• I’m also about 1 1/2 hours from the end of the audiobook of Diviners which I am loving (loving so so much, I don’t want it to end except I want to know what happens).  She is a fantastic reader, and I am really enjoying the story.  I read A Great & Terrible Beauty years ago and wasn’t particularly enthralled, and I tried to read Beauty Queens and just could not get into it, so I hadn’t been particularly curious about Diviners.  But I was so so wrong.  It’s fantastic.  How long do I have to wait for the sequel?
Editor’s Note: Petra is one of our old core group of reviewers in  years past, so we’re letting her join us for the YALSA challenge to one, add a non-librarian voice to the mix, and two, for old time’s sake.
 

Robin

DramaTracking her reading: at her library tumblr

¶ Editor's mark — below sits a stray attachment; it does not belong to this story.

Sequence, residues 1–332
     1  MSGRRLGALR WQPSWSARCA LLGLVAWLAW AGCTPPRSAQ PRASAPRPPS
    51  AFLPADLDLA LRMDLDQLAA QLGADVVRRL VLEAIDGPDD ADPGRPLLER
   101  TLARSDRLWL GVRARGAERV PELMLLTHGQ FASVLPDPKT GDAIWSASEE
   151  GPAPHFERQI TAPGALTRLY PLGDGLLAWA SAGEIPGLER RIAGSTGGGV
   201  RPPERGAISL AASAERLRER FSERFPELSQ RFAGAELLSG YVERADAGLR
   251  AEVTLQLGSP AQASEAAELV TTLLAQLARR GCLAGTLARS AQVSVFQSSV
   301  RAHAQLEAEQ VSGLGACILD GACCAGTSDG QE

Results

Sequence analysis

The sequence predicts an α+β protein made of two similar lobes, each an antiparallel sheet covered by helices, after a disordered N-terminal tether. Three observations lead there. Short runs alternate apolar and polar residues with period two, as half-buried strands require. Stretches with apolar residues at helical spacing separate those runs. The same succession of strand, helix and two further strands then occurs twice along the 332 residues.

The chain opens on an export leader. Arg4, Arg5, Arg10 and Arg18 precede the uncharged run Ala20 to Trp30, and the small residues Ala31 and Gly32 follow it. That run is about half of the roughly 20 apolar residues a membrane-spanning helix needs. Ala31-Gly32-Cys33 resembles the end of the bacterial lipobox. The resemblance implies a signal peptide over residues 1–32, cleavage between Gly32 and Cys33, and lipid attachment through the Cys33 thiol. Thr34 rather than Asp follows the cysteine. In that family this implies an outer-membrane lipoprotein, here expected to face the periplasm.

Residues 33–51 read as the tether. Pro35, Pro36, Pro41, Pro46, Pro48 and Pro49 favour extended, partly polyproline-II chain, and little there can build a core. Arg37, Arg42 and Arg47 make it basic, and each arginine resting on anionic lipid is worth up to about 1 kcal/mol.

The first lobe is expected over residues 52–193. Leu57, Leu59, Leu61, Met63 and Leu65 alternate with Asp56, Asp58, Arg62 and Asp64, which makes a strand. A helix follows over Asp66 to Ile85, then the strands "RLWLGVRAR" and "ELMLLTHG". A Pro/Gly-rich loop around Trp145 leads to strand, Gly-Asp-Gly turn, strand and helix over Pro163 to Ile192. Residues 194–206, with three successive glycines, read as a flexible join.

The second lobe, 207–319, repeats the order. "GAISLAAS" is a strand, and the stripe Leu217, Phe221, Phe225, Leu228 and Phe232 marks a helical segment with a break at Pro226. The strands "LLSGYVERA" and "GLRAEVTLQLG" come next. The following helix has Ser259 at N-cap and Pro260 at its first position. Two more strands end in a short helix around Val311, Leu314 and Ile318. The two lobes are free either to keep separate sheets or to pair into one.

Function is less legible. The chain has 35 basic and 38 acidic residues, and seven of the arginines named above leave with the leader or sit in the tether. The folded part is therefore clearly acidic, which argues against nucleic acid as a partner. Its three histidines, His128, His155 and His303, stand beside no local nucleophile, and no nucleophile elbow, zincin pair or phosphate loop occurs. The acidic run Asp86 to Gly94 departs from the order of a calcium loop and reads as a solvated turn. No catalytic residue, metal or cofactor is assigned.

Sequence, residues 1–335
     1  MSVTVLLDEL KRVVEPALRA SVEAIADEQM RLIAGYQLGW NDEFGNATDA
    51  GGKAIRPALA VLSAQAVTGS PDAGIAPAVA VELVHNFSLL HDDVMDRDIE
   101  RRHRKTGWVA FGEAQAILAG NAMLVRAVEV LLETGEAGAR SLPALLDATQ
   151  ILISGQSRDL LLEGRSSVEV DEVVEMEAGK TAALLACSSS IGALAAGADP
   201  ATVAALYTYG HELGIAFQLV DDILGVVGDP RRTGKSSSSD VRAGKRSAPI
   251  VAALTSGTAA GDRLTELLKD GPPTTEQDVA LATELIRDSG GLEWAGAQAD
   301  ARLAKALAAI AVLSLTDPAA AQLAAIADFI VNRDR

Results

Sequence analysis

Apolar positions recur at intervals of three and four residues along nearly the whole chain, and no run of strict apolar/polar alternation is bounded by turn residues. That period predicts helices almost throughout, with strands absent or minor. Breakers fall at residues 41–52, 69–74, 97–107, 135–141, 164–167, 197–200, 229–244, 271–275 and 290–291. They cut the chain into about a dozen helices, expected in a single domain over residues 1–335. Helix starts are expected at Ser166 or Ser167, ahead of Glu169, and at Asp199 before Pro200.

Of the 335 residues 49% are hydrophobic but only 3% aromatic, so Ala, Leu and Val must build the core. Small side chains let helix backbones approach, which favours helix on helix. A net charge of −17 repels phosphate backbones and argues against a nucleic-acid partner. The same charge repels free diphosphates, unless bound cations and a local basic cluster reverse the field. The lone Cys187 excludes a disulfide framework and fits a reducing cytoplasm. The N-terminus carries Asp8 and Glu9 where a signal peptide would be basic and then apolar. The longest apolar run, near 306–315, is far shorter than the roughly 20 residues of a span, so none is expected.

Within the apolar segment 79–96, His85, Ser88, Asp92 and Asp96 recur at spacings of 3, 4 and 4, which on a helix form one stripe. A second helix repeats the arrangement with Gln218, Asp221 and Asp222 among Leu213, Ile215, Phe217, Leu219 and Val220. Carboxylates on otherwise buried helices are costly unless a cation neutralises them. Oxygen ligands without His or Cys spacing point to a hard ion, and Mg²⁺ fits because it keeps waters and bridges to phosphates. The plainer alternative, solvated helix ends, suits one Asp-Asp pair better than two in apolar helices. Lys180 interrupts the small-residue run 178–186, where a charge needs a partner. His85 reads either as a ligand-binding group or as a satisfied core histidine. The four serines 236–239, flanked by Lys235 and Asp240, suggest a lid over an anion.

Starting with: Drama, Ultimate Comics Spider-Man volume 1 (Great Graphic Novels) and Somebody Please Tell Me Who I Am (Schneider Family Book Award)

Comments so far:  I thoroughly enjoyed re-reading both Drama and Ultimate Comics Spider-Man (need to get the rest!).  See more comments on Drama over at Good Comics for Kids come Wednesday morning. :)  I agree with you, Abby, that Ultimate Comics Spider-Man is just great — I love Miles, and I’m very curious to see where they’ll take this storyline.  I was the reader who started reading Spider-Man comics with the original Ultimate line (starting in 2000), so I’ll always be partial to that universe, I think.

I’m also very much looking forward to starting Somebody Please Tell Me Who I Am, as I’ve been curious about it since I bought it for the collection, and I’m glad to have the prompt to pick it up.  I just read the first chunk this morning, and am so far favorably impressed.

 

InDarknessSarah

Tracking her reading: at Goodreads
Starting with: In Darkness (Printz Award)

 

 

Snow

TitanicVoicesFromTheDisasterTracking her reading: at Goodreads
Starting with: Titanic: Voices from the Disaster by Deborah Hopkinson (Nonfiction Award)